At about 18 months, children start asking questions. At first, they tend to only use the question word “who” or “what”, then around the age of 3 they discover “why”.
Like the flow of a river, the whys can rush in all directions, which is natural, and all we have to do is to guide them a little over time, but by no means should we try to limit them completely. After all, questions are part of the learning process.
Asking questions is a good sign. Because if we don’t understand something at all, we can’t ask about it. We usually ask questions when there is a break in our chain of thought; we inquire about the missing link to connect it. Or, we ask questions if we are not sure if we have understood something correctly. You can learn efficiently if questions lead you to new ideas, elegantly enabling the experience of gaining knowledge. This is because the new knowledge is incorporated much more easily and with better efficiency than it would have been if we were never able to ask questions.
Some interesting data emerged from a survey conducted by Havigova in Czech schools ten years ago. According to her research, children only ask 20% of the questions asked in class. The questions asked by the teachers mostly relate to memory and do not specifically stimulate thinking. In other words, they are often of this nature: “Didn’t we already discuss this in our last class?” or when was battle x?
There can also be huge differences between cultures, due to the power balance between the teacher and the student, as in how much a student is allowed to ask questions in class. If you have read The Japanese Lover by Amelie Nothomb, you may remember the scene when the Belgian university student, against her will, incurs the wrath of the Japanese university professors by asking a lot of questions, which she, being Belgian, finds completely normal.
This reminds me of a story of my own. If not for weeks, but for many days, I racked my brains when writing my thesis, when I had already completed the 250-page analysis of the data, asking myself: what question did I actually get an answer to?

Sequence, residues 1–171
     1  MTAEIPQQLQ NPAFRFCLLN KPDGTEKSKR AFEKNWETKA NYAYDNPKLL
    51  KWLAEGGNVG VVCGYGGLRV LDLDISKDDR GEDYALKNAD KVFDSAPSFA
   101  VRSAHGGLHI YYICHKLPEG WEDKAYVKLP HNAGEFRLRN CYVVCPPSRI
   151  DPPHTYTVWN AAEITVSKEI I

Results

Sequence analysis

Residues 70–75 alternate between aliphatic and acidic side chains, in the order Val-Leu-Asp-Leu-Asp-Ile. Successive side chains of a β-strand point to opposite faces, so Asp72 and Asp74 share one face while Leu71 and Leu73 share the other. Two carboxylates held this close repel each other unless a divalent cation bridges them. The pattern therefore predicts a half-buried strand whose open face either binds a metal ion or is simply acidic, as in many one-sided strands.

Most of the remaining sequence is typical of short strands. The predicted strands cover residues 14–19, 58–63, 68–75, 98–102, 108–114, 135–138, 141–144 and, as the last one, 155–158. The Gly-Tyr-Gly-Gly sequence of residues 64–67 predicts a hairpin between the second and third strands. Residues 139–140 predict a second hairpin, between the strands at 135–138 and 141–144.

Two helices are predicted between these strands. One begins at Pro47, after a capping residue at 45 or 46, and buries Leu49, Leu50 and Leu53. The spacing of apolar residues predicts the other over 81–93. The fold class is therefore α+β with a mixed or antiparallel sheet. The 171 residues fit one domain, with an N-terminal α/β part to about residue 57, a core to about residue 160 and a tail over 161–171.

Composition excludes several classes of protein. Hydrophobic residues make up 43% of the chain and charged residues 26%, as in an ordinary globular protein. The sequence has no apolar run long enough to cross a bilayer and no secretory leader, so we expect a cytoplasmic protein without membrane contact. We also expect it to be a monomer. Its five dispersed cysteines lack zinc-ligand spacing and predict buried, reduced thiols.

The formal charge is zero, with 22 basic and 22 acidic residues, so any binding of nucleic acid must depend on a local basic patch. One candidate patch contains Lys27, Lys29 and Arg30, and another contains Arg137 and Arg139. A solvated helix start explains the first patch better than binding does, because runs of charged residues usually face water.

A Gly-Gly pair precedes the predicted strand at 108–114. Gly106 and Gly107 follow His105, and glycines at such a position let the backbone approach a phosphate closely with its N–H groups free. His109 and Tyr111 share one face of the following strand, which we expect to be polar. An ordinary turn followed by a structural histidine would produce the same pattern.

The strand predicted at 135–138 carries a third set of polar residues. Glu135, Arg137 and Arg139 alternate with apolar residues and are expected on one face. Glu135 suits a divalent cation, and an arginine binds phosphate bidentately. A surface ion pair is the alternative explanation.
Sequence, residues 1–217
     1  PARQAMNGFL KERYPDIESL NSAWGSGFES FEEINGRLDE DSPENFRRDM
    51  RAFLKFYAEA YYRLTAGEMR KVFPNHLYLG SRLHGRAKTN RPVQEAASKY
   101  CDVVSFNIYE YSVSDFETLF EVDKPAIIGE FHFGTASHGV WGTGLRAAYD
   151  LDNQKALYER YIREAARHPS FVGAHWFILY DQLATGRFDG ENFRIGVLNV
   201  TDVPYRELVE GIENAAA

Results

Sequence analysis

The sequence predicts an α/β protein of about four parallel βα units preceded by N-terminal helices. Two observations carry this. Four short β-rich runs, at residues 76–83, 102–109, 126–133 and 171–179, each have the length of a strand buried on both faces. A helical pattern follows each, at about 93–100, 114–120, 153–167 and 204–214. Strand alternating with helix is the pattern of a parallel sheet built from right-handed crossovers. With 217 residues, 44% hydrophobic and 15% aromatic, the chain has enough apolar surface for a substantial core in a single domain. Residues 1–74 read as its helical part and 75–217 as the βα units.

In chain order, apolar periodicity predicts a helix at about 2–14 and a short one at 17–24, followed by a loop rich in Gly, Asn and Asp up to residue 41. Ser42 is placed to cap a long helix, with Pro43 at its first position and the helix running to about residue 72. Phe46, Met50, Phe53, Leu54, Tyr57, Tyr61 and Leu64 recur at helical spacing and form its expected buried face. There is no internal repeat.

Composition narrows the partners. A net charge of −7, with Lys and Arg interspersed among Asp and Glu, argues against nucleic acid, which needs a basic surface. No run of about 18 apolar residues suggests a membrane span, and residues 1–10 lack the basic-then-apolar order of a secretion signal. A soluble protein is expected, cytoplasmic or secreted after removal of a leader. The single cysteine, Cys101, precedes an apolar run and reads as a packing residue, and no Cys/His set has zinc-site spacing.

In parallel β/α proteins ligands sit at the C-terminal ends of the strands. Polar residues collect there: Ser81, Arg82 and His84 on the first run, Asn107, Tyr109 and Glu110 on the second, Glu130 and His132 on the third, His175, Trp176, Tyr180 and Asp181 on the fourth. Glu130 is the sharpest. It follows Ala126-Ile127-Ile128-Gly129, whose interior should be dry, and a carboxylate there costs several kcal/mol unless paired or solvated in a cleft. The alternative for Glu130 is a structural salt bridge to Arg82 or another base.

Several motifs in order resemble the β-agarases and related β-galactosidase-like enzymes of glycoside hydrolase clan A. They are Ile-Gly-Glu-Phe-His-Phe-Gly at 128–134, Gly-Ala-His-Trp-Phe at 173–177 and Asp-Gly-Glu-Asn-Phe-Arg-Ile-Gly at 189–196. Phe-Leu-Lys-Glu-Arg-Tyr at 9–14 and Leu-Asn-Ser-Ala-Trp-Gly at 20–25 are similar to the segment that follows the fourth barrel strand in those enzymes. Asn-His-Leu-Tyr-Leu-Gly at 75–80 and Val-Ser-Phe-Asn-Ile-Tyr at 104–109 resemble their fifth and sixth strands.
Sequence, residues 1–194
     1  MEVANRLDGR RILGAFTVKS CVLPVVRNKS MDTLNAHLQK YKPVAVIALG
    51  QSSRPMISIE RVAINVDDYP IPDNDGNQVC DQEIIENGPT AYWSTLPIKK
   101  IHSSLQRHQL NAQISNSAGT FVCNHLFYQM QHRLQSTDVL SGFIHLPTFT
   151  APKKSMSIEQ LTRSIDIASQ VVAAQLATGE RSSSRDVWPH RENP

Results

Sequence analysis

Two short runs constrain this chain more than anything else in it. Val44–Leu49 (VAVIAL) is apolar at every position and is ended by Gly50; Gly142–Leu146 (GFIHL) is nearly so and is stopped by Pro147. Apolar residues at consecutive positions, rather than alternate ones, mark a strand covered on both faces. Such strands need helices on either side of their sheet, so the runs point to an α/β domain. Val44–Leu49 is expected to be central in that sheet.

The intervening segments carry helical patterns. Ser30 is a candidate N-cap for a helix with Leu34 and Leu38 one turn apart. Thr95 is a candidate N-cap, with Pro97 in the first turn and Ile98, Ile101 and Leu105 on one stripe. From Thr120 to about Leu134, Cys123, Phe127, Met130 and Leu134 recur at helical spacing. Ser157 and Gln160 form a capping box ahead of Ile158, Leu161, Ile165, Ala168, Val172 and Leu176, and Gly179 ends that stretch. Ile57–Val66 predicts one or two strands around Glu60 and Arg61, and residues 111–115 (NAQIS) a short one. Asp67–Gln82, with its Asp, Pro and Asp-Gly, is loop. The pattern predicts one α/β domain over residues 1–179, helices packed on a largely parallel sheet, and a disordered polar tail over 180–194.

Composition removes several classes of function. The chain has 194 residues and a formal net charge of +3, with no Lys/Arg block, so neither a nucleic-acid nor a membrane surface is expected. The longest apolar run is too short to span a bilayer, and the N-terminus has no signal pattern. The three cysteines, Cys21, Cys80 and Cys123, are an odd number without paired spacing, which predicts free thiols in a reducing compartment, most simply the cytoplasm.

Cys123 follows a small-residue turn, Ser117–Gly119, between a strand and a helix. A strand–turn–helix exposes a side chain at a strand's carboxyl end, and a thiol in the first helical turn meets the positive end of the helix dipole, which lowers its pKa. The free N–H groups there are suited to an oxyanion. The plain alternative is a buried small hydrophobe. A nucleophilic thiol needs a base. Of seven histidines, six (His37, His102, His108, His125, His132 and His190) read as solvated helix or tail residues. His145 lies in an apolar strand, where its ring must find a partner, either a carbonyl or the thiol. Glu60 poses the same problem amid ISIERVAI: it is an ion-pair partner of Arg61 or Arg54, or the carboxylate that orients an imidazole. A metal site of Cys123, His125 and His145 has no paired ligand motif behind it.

But back to the children. In January a little girl from Mexico joined my class. She was about to study first grade in a German school without knowing a single word of German. She proudly started second grade last week, but that didn’t stop her from putting her hand up as soon as she got her worksheet and saying that her dad told her to do everything at school, because he couldn’t help her at home. Based on a given text, he had to colour in figures on a page. She didn’t fully understand the text, so she quickly asked about the unknown words and since we had another language in common, we solved the task quickly.
If only the vocabulary is missing, this can be remedied easily. Nowadays, in any language, you can look up a translation in a digital dictionary instantly, in the language that the child knows.
However, for this you must be brave enough to ask. If the child can ask a lot of questions at home, they will be more able to cope at school as well.
When you are just practising asking questions, we can help you by highlighting other people’s particularly clever approaches to asking questions and praising them for it. As well as this, we can help by spending time searching for the answers to questions which don’t have easy answers. It also helps children learn if we show them that there are things that we look up in a dictionary, there are things that we look up in a textbook, and others that we look up online, on a phone or on a laptop. So, we draw the child’s attention to the diversity of sources.
Don’t forget to ask questions about the information you find. After all, while in the past information was a privilege and we were happy to have access to it, nowadays there is more and more fake information. That’s why we should always be on the lookout and pass this on to the children: the courage to ask questions and to let them be asked.